I’ll take the scene that’s giving me trouble and write it using one of these formats. Boil the scene until the most important bits evaporate through pretty copper tubes and drip gently down into a crystal flask as their inner selves. In that flask, I can see them clearly. I can then take that distillation and build around it in such a way as to keep it as the focus of the scene. I can rebuild it, better, stronger, faster. I could not have done that without poetry and Mr. Goldsberry.
And so, with much dragging and protest, I made it through the weeks of poetry a better writer, and eagerly chomping at the bit for creating the next epic fantasy or science fiction novel. I had a plot in mind, all diagrammed, outlined, and ready to rock and roll for the project.
Mr. Onopa taught the bones of creative writing over the first few sessions. The one that stuck with me longest was the difference between writing fact and writing a story. “The king died and then the queen died” is fact; “the king died and then the queen died of grief” is a story. Cause, effect, conflict, character, plot…all the good stuff. He then asked us to bring two story ideas to his office for our final project.
I polished my pet idea. I made it shine. I dressed it up in all its finery and painted it beautifully on the page. I didn’t really have a second idea, so I just threw out a sentence that was more a grouse than a peacock, knowing in my heart that he would pick the fully developed, exciting plot that I had been dying to write.
“I want you to write this one.” He said, handing my sheet back to me. The peacock stood alone and ignored. My little grouse, the pathetic one-sentence thrown-on-the-page-at-the-last-minute wonder had the big red circle around it. I’m no poker player. My heart’s on my sleeve, and I lose my shirt a lot. My face fell, and he kindly explained the plot problems with my peacock.
Looking back, he was 100% correct. It was badly conceived and made no sense. I could never have whipped it into shape in two weeks and expected to get a decent grade. But at that moment, the rug whipped out from under me, and I saw that it had been hiding an oubliette beneath it.
Positivity doesn’t let me stay down long. My friends laughed about it in the cafeteria with me, and told me I should have known better. I should have known that making the one I so obviously wanted to write so much more prominent on the page was just begging to get the other one chosen. After an hour of the grumps, I moved into manic panic. Now I had two weeks to develop a story out of thin air with only my one sentence throwaway as a guide.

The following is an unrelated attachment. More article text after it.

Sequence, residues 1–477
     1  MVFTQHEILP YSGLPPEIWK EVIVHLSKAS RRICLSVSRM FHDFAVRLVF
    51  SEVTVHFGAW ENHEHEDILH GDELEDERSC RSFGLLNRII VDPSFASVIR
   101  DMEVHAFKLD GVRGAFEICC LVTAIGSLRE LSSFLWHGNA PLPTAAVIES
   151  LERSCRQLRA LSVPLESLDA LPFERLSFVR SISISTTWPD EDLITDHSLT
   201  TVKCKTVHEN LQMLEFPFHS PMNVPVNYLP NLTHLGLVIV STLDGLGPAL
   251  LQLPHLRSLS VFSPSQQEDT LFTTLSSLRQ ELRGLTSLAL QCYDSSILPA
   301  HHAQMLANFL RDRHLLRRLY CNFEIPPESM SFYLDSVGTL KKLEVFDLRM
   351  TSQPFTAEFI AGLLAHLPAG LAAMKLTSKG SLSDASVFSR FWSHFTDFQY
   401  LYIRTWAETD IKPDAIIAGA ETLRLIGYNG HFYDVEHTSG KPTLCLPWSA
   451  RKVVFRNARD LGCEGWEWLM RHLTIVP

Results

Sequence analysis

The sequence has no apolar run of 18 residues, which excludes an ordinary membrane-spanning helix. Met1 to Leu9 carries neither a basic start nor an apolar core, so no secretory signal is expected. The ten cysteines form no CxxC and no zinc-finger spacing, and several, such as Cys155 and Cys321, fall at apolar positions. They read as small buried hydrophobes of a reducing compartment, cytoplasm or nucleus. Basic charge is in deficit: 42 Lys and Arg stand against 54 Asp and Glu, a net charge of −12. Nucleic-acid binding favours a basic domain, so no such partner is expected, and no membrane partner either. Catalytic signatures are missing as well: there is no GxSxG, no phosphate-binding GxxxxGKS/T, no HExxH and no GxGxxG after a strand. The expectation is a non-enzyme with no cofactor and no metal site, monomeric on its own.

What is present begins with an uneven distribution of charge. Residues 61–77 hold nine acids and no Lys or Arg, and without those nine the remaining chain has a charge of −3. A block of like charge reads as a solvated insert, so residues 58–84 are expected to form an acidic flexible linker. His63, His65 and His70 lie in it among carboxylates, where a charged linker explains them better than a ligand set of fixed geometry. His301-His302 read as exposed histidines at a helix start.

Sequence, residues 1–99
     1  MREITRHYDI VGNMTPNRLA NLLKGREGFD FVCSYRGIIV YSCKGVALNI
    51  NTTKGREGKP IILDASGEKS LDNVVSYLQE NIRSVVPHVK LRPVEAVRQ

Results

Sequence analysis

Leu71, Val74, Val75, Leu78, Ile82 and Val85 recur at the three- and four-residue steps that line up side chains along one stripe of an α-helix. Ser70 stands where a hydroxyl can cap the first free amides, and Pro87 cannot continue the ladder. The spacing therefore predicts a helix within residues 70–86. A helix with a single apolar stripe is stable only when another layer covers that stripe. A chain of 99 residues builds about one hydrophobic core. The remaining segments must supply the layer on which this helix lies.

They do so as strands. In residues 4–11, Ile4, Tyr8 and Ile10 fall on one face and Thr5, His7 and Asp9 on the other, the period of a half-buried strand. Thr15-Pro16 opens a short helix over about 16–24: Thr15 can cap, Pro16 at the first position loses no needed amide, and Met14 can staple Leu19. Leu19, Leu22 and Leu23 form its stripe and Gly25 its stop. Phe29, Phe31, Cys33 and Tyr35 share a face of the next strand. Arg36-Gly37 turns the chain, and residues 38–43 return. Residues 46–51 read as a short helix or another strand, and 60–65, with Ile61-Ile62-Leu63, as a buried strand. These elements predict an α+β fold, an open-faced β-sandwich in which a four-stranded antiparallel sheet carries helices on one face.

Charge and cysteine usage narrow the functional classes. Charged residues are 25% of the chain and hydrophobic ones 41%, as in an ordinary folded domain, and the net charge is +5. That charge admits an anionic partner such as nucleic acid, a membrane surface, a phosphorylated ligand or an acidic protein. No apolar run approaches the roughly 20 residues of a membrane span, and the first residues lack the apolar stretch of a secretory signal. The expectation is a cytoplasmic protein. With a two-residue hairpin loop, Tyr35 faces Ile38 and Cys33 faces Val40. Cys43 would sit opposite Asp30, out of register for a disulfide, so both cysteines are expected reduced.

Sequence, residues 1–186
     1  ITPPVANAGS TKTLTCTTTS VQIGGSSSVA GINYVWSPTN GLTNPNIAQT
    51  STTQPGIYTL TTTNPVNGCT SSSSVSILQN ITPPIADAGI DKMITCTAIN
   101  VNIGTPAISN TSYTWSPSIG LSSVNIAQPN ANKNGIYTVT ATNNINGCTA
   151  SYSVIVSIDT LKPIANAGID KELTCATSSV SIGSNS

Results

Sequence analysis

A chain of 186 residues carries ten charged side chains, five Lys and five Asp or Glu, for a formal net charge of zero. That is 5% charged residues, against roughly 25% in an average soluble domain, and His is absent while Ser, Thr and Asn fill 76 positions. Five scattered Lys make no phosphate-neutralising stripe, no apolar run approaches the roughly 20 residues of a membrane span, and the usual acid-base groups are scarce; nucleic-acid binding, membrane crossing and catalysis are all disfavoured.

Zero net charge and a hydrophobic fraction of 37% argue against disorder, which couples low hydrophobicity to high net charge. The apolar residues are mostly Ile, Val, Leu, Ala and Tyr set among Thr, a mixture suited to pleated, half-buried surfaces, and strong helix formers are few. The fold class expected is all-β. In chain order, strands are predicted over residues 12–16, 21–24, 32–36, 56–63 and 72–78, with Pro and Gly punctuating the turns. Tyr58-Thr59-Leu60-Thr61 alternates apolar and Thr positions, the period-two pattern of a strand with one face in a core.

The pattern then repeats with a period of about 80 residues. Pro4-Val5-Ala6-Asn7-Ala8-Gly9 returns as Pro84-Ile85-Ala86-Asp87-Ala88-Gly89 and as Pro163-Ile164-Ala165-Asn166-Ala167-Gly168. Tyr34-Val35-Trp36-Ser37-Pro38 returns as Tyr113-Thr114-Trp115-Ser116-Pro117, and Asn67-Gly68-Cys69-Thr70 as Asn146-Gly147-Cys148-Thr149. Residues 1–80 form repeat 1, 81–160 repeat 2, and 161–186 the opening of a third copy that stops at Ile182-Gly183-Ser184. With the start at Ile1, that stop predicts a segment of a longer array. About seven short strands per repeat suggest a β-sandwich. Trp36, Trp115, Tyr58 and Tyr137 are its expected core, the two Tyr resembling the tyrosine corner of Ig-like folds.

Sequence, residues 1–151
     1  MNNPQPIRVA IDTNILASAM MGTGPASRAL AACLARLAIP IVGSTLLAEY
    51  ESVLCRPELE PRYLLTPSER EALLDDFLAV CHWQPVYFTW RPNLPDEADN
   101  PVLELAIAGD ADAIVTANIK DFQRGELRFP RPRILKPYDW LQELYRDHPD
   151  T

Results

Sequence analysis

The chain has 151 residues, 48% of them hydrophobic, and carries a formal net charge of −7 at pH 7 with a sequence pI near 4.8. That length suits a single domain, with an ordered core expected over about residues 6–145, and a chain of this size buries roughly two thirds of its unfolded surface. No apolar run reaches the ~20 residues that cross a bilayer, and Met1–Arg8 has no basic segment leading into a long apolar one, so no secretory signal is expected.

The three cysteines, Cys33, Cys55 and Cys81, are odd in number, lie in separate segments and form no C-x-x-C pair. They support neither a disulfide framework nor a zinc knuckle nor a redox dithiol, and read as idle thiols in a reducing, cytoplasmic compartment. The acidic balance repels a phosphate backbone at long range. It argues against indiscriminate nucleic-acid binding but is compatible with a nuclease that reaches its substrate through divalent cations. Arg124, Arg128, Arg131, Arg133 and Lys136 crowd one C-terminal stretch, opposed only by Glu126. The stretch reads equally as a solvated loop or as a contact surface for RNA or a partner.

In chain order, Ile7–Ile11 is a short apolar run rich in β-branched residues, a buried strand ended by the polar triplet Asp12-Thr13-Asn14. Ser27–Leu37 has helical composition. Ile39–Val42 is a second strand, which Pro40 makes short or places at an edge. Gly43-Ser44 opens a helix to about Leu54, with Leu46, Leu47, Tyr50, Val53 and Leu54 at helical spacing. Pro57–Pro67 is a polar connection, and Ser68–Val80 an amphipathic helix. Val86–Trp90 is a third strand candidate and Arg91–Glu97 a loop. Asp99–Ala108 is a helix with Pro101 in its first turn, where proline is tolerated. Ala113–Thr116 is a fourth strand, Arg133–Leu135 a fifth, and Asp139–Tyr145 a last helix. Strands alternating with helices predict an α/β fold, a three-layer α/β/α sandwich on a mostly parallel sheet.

Best two weeks of college. I took my notebook all over campus and scribbled madly. I sat in trees, on benches, in the library, in the cafeteria. I even wrote on the bus. Then I sat down to my manual typewriter and typed it in (no computers back then…well, there were actually, but my dad was a traditionalist and didn’t get one until years after I left home, and then couldn’t really figure out how to use it). I edited and polished as I went, and turned scribbles and chicken scratch into prose. I transformed my grouse into a hawk, beautiful and efficient and ready to strike.
When we read our stories aloud in class for critique, I got some very meaningful comments, and in my most audacious enthusiasm, I even plucked up the nerve to send the story in to one of the first “Writers of the Future” contests. I didn’t make the cut, but the judges were very nice and gave me some great pointers, and I still have my very first official “thank you, but…” rejection letter around here somewhere …
It’s taken thirty years to get from there to here and ready to publish my first book. I’ll admit I got sidetracked along the way, by life, by fear, by lack of conviction. But Mr. Goldsberry and Mr. Onopa started the snowball down the hill (I know, silly metaphor for Hawaii… how about gave me the push off the top of the waterfall), and without that start I wouldn’t be here.
So Steve, Bob, thanks for being awesome, and thanks for chipping the author out of the granite. And especially thanks for the poetry. A writer’s a poet that may not know it. I ought to show it, but too often blow it. And though roses are red and violets are blue, the one-line idea is the one you should do.